We had a total of six rafts, and all but one carried only one person. The exception was Arthur and Mari's boat. Another raft and an inflatable kayak would join us later, for part of the second half of the trip.


Post-graduation Photos

Here are My Hanh and her mother after the graduation, on the Duquesne University campus. Note the diploma in My Hanh's arm!

Another photo of My Hanh's mom, who lives in Bao Loc, Vietnam, just a little north of Ho Chi Minh City (Saigon). This lady has nine children, and all of them are now college graduates.

Afterward--A Long Time Coming

After the graduation, many of the new graduates stayed nearby greeting friends and family. I couldn't find My Hanh for a while, but finally I did. She directed me to a place where dinner would be eaten. It was rather far away, but near where she lived. There was to be more, but I needed to head west. So I drove south out of Pittsburgh at about three o'clock. It had been a remarkable journey.

Thursday, May 08, 2008

Via Chicago to a Pittsburgh Graduation

Graduation in the large gym at Duquesne University near downtown Pittsburgh

I got to Chicago late that evening, to stay with a friend there who lives just a bit south of downtown. You drive past the Chicago White Sox stadium on 35th Street to get there. My friend's apartment is quite homey, but the neighborhood required that I take everything from my car up the long flight of stairs, including my Cruzbike. This was inconvenient, but I did it.

After walking around the corner for breakfast and back, I reloaded and drove off toward Pittsburgh on I-90. After paying a number of highway tolls, I arrived at a Super 8 motel up the Susquehanna River from Pittsburgh. I'd phoned ahead for reservations, just to make sure. I've been patronizing the Super 8 chain because they always have a strong Internet connection and I can go online with my laptop. Later in the trip, I had to use a Knight's Inn and the connection was there, but weak.

I got to Pittsburgh on a Friday night. There would be a graduation ceremony at five on Saturday, and then another at nine Saturday morning. I drove into the city Saturday afternoon to find my way around, did so, and headed the 13 miles back to my motel to change clothes.

I finally realized how little time I had, so I changed clothes quickly and headed out again. I got all the traffic lights and it went very smoothly! I made it to the graduation on time and from the balcony railing, made the photograph at the top of this section.

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Wednesday, May 07, 2008

The Pipistrel Sinus

David Dixen preflights his Pipistrel Sinus motorglider demonstrator

It was the afternoon of April 27th, 2008. I drove away toward the northeast. I would go to St. Paul to personally check out the Pipistrel Sinus motorglider with dealer David Dixen, and then continue through Chicago to Pittsburgh, where there my friend My Hanh would graduate from college on May 3rd.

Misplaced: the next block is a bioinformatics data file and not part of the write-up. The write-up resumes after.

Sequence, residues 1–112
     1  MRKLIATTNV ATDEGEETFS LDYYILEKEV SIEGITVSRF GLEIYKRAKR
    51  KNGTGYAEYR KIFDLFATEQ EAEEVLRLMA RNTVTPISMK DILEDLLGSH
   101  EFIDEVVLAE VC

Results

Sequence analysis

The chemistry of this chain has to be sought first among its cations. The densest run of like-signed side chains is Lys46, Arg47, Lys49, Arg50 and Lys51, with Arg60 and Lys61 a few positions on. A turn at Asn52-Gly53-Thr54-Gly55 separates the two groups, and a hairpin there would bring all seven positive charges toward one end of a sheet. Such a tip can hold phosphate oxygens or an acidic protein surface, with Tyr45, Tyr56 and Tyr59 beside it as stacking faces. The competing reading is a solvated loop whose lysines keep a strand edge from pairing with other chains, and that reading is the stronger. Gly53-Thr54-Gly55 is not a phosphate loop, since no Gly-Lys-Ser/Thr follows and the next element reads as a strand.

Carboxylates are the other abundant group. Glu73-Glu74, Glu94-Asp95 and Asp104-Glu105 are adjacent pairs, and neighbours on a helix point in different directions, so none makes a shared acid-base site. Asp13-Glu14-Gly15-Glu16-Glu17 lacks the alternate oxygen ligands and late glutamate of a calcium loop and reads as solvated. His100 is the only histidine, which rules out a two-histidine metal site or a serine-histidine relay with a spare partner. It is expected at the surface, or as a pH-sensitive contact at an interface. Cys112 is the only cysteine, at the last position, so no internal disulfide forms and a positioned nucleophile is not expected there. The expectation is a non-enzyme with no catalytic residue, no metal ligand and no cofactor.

I changed plans and would stay overnight in Denver with a good friend, and drive on in the morning. Originally I was going to drive out Highway 50 and leave Sunday morning, but the same friend had just been here and we'd both gotten food poisoning from something! Patty was sick quite soon but didn't feel herself for some days. I felt fine early, but got sick 24 hours later, on Saturday night, so I wasn't ready to leave the next morning. Even the next day I almost turned around. But since I had two missions, I kept on driving.

The Pipistrel Sinus is a two-place, side-by-side, high-wing, motorglider with a 90 hp Rotax four stroke engine that drives a featherable propeller. As a glider, it has a 30:1 glide ratio. As an airplane, a guy flew one around the world several years ago.

I got to St. Paul where I stayed with David and his wife. He's a retired airline pilot and Carol is a physician. In the morning we drove separately to New Richmond, Wisconsin, where David keeps his Sinus (SIN-us). We preflighted it, and pushed it outside.

The flight was a memorable experience. We were off the ground about as soon as the tailwheel came up, and were hundreds of feet high just a few seconds later. I didn't land or take off (plenty of time later for that) but I did make a series of turns and did some stalls. The Sinus flew very nicely through all of this. I got much better at holding altitude, and at keeping the ball in the center (the ball that indicates slipping or skidding in a turn). The stall in a Sinus is a non-event. Reducing the angle of attack just a little brings about recovery with no complications.

I ordered a Virus, which is identical to the Sinus only with shorter wings. It's glide ratio is only 24:1 but it flies faster and is much more easily hangared. I really wanted the Sinus but practicality had to win. So it'll be a Virus (VEER-us). You give a little and you get a little.

Mine will be the "200-hour" kit, as opposed to the "400-hour" one. My kit will be primarily assembly, whereas the other kit has lots of finishing work to do on the molded parts (wings, fuselage, tail).

Starting at two in the afternoon, I drove on toward Chicago, getting there around ten that evening.